My weight loss journey began with a desire to lose to help make my body healthier to attempt to stave off this dangerous disease. I am the oldest of 6 children. I have 2 sisters. Statistically speaking, research shows that one of us girls will contract this disease. The odds for women who have a maternal history of breast cancer in their families are 2:1, or one out of three. Therefore, it has become increasingly important to us to not only find a cure, but to do all we can to learn how to prevent cancer.

I have discovered through my research that even in my weight loss journey, I was not eating preventatively. Losing fat is not enough, and unfortunately, the malnutrition that I suffered utilizing the Kimkins program did not help either. A healthy cancer prevention diet is actually not surprisingly a fairly popular Low Carb/Low Glycemic Index diet. The Mediterranean Diet is one of the highest recommended diets for breast cancer prevention. This diet is very low carb friendly too, emphasizing healthy Omega 3 Essential Fatty Acids, fresh low GI antioxidant filled fruits and veggies, and healthy proteins.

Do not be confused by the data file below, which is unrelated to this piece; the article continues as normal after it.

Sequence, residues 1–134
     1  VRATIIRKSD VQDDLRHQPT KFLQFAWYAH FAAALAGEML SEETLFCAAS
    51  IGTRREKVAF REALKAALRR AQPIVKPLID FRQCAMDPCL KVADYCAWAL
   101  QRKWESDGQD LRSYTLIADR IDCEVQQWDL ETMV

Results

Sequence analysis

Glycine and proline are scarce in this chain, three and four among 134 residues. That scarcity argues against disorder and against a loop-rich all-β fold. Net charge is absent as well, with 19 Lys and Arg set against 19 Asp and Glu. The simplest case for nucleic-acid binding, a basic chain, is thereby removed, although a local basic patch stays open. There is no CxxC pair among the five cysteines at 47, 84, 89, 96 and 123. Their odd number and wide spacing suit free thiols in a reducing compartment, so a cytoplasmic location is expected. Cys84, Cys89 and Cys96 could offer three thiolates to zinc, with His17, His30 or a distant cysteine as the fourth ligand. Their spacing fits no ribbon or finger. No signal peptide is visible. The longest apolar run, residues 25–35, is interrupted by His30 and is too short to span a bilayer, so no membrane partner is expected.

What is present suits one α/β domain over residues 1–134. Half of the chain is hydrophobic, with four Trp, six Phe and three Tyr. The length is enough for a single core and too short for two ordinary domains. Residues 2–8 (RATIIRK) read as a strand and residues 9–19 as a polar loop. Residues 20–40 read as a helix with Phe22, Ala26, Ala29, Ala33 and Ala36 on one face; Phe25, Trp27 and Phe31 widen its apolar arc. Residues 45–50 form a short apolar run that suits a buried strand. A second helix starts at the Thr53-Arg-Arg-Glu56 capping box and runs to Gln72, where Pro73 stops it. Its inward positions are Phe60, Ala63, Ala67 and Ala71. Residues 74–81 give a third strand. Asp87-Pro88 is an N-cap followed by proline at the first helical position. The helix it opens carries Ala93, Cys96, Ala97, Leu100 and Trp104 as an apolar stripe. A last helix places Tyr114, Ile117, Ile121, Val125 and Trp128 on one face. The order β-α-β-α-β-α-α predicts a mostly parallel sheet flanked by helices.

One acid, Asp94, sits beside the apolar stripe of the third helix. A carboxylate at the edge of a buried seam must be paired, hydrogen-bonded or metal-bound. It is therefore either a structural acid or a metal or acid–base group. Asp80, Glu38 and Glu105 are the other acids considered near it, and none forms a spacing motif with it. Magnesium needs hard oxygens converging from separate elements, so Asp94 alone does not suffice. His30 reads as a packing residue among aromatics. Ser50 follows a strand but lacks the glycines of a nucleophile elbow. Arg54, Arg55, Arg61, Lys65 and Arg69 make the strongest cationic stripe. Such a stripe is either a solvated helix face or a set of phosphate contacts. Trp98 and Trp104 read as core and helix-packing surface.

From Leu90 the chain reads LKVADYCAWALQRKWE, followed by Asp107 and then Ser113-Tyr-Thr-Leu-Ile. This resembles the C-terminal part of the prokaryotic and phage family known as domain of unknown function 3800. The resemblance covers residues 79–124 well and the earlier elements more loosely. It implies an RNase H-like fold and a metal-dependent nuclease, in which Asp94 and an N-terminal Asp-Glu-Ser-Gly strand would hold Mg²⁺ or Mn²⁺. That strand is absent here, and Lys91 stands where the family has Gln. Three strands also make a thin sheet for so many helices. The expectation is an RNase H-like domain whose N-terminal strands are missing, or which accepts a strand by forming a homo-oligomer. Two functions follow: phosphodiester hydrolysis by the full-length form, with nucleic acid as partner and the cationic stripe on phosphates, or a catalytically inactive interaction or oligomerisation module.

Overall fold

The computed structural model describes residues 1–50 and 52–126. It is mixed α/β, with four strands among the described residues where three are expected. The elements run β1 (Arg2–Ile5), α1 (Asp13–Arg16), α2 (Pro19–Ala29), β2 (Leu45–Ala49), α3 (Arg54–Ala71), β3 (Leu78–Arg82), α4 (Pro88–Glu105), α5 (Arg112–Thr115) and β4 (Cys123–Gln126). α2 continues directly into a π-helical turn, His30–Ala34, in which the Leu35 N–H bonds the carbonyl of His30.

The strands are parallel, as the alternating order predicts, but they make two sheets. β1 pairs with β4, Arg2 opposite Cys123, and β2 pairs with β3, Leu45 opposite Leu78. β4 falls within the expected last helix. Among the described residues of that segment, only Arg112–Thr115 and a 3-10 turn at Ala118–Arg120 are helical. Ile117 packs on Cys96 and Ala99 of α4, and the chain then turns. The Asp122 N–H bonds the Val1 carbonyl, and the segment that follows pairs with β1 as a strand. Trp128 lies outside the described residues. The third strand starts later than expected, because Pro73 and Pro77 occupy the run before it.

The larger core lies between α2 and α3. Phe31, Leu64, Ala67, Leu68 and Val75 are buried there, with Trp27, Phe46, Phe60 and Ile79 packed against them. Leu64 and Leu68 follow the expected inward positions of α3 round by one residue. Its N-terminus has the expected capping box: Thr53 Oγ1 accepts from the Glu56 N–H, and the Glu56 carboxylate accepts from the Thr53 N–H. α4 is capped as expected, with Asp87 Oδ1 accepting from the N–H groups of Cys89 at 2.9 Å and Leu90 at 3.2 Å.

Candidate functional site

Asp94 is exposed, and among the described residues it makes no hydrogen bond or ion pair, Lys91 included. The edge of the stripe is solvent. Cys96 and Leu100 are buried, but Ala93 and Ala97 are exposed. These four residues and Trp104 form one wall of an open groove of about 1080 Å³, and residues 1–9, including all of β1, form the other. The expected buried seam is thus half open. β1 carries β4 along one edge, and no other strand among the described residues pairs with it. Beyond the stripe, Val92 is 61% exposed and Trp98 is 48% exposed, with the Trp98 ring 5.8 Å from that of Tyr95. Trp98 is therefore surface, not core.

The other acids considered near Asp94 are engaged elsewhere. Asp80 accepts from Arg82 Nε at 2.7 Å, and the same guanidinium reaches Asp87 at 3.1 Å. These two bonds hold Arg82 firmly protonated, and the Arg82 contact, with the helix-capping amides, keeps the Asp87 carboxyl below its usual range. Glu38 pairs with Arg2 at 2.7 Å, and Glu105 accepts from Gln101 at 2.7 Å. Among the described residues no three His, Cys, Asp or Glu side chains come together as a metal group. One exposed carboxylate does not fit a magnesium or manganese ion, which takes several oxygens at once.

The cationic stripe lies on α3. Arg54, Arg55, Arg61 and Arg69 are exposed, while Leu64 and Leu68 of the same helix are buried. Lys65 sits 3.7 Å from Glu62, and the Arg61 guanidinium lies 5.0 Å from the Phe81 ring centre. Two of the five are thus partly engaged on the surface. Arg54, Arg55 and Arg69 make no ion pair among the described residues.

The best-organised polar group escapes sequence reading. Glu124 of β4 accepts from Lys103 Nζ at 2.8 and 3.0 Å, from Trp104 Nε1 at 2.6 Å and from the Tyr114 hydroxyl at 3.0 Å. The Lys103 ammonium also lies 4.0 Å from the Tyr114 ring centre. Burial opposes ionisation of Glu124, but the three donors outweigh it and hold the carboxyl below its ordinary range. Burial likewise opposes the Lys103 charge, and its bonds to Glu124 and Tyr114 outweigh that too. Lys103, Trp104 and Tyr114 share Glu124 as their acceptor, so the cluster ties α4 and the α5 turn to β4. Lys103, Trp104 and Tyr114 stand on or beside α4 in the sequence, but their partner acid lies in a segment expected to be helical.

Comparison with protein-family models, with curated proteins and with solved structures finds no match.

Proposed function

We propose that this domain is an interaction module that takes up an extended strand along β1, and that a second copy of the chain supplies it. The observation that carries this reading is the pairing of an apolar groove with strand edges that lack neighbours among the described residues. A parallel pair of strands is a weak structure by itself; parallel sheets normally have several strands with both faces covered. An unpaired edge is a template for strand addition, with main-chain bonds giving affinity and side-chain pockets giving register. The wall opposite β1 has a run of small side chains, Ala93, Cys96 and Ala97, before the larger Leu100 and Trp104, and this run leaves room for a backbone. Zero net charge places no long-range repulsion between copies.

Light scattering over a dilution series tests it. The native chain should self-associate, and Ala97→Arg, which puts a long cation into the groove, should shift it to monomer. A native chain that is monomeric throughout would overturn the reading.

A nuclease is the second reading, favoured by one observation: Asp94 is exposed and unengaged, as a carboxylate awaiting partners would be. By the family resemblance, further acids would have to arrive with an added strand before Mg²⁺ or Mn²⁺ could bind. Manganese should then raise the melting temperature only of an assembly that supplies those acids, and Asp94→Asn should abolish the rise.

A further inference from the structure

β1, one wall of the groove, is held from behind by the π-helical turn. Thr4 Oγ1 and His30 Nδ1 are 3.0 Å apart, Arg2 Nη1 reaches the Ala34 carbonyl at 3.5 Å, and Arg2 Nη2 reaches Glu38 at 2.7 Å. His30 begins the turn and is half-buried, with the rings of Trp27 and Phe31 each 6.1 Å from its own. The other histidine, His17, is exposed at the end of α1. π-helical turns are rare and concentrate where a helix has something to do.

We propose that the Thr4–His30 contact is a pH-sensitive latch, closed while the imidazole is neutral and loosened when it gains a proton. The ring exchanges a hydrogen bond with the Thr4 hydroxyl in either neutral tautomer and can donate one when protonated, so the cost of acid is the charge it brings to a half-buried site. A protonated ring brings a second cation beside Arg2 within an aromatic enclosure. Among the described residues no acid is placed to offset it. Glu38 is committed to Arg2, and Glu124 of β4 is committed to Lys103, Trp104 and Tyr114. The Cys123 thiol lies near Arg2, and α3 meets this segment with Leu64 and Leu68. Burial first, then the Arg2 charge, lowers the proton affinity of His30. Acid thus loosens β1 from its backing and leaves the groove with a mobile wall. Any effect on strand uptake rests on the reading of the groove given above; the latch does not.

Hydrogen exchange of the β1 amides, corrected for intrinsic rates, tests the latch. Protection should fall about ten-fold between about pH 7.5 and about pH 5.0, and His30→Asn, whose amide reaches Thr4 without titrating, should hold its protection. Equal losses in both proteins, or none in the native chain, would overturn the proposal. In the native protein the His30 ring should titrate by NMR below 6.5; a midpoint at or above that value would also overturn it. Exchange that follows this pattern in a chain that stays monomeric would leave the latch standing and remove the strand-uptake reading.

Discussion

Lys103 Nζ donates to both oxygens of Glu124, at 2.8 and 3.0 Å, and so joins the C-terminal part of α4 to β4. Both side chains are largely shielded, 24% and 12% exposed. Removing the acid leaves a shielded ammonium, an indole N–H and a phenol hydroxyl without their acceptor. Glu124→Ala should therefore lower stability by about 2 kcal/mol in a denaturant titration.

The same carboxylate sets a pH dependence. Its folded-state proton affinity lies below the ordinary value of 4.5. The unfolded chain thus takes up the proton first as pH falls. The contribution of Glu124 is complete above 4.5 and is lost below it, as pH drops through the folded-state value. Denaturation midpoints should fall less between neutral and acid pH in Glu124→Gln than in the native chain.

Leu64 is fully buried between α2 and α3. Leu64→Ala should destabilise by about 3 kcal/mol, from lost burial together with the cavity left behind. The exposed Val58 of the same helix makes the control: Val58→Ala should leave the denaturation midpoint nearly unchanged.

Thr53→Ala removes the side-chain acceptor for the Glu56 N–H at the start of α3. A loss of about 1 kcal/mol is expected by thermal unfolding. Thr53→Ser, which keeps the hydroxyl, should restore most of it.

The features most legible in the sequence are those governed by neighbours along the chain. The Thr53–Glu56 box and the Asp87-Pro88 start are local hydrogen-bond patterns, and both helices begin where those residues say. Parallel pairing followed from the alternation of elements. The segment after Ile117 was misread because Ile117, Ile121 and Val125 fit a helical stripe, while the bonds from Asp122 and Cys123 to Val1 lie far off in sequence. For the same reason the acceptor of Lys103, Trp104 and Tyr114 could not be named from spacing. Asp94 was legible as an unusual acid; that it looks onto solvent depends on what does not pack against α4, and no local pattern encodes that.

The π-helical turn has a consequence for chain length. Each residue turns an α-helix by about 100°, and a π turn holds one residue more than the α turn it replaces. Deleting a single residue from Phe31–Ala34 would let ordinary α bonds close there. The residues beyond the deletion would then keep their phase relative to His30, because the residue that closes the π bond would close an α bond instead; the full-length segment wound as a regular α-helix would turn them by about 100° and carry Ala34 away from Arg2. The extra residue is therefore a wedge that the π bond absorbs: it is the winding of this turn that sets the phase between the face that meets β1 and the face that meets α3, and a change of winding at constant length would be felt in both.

Over the next few weeks I will be highlighting various healthy low carb aspects of this dietary approach as I learn about them and their benefit towards thwarting the deadly disease of breast cancer.

Grammy currently is not well. While it hurts me immensely to see her in such pain, it also gives me new resolve to do whatever is in my power to educate others in a healthy lifestyle. A lifestyle that will not only assist them in achieving their weight loss goals, but also provides the nutrients and health benefits that can help extend their lives in other areas as well.

Grammy… I love you.


Thursday, June 12, 2008

Turkish Delight